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Volume VIII

Title: Some Fragments of the Secret History of the Theosophical Society
Author: Franz Hartmann, M.D
Description: A new Occasional Paper, volume VIII of the Series, is an essay written by one of the notable members of the Theosophical Society, Dr. Franz Hartmann (1838-1912). The essay, Some Fragments of the Secret History of the Theosophical Society, is a rewritten version of his earlier Report of Observations Made During a Nine Months’ Stay at the Headquarters of the Theosophical Society at Adyar (Madras), India (1884). As Boris de Zirkoff notes in his bibliographical sketch of Hartmann (Blavatsky: Collected Writings, VIII, 443): “To describe the activities of Franz Hartmann while at Adyar would be tantamount to writing the history of the Theosophical society at the time.” Michael Gomes, in his introduction to the letter of H.P. Blavatsky to W.Q. Judge dated May 1, 1885 (see Theosophical History, vol. V, no. 2: 48) writes: 

[Hartmann] traveled to Adyar in 1883 to attend the yearly December convention of Theosophists. Col. Olcott named him to an eight-man Board of Control administering the affairs of the headquarters during the Colonel’s and Madame Blavatsky’s absence in Europe in 1884. In October of that year Hartmann published a 60-page pamphlet, A Report of Observations Made During a Nine Month’s Stay at the Headquarters of the Theosophical Society at Adyar, Madras, India, detailing the events that led to the expulsion of Monsieur and Madame Coulomb from the Society during the summer of 1884, and edited the 152-page Report of the Result of an Investigation into Charges Against Madame Blavatsky, Brought by the Missionaries of the Scottish Free Church at Madras and Examined by a Committee Appointed for that Purpose by the Council of the Theosophical Society, issued in March 1885.

The compiler (who includes an introduction, biography and additional footnotes) to Hartmann’s essay, Robert Hütwohl, summarizes its contents:

Hartmann states he later had time to think over the matters concerning the “Hodgson/shrine affair” and was able to come to different conclusions [than those expressed in the Hodgson Report], having considered the original report as “a premature expression of my opinion.” Hartmann was trained in the epistemological scientific method as a medical doctor, but also had a strong mystical bent. This helped him to observe and reach conclusions both from a scientific as well as a Theosophical viewpoint. Hartmann places some blame on Col. H.S. Olcott for initially inviting the Society for Psychical Research to investigate the shrine process, an experiment never originally intended to be purveyed under a magnifying glass of scientific scrutiny. He draws careful analogies to the fact that we are constantly bathed in a world of illusion. Comparing our world of deceptions to the current scientific world of men of authority who refuse to give up their own influential impostures, he saw many in the Theosophical community giving permission to allow themselves to be deceived. But he also assures us the Hodgson Report is premised upon the fact that the root of psychical phenomena is purely epistemological and has no basis as stemming from another, even if illusory, world of being.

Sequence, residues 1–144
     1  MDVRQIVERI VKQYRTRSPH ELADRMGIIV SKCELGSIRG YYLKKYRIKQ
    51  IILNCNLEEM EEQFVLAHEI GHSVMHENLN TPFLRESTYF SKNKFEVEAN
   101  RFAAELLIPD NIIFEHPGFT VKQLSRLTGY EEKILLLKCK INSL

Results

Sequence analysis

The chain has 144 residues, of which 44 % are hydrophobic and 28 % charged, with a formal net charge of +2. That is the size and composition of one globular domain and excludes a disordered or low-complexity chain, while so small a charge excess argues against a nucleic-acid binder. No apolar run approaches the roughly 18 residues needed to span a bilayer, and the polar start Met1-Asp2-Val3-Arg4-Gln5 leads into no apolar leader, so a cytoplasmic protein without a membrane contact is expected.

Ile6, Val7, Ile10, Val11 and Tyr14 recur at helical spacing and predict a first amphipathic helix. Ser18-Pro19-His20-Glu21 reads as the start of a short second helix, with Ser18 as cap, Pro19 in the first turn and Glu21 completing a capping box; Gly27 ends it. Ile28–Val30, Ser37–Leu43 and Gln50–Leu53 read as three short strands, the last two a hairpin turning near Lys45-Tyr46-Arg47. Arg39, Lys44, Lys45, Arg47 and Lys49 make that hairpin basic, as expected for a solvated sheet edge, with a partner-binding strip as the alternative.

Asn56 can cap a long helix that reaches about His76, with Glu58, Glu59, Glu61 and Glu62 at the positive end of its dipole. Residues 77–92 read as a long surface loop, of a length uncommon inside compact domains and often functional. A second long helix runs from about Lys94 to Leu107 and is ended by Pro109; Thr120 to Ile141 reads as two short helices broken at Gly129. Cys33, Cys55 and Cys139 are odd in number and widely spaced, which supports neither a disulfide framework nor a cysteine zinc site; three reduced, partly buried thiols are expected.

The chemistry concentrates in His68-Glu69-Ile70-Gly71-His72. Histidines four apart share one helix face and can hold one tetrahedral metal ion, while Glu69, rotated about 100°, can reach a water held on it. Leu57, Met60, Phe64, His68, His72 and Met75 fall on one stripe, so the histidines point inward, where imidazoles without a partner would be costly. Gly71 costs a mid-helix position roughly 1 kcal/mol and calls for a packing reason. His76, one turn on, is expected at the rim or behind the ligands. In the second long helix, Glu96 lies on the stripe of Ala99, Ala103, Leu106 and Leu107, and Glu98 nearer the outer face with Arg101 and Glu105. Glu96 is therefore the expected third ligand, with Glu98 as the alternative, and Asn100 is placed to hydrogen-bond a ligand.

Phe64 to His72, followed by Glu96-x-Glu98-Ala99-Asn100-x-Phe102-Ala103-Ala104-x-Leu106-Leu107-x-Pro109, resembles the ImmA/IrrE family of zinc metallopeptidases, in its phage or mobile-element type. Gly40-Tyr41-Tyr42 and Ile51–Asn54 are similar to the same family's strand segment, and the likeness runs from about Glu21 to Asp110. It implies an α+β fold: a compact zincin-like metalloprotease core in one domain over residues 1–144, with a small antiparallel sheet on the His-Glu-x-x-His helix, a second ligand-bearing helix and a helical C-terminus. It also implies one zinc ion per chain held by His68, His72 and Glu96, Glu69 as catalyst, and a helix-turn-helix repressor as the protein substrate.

Hartmann also does not readily implicate Mr. Hodgson for his investigation. He felt that Theosophists should give thanks to both Hodgson and H.P.B. for performing a duty-bound service of opening their eyes and at least questioning what it is they saw as illusions or phenomenal “exposures” from the psychic world. But this was part of the Theosophical training H.P.B. had administered in order for the pupil to develop discrimination or viveka and eventually wisdom or jñâna. Questioning the motives of both H.P.B. and Hodgson, both were decreed as guiltless in their own way, although he writes more upon the activities of H.P. Blavatsky than upon Hodgson. Hartmann mentions in non-occult language the process of transferring letters by occult means from a Mahatma to a chelâ. There is a discussion of the instances of occult phenomena both within and without Blavatsky’s presence and attempts to explain in common language the processes involved.

Hartmann also gives the results of the Hodgson investigation and describes at length H.P. Blavatsky’s demeanor at the time, based on his own observations.

Finally, Hartmann mentions the crucial point that since the “theosophical society” was not founded on the basis of phenomena but rather on the “Universal Brotherhood of Man,” it should, therefore, not be judged or found guilty of “genuinely” produced phenomena.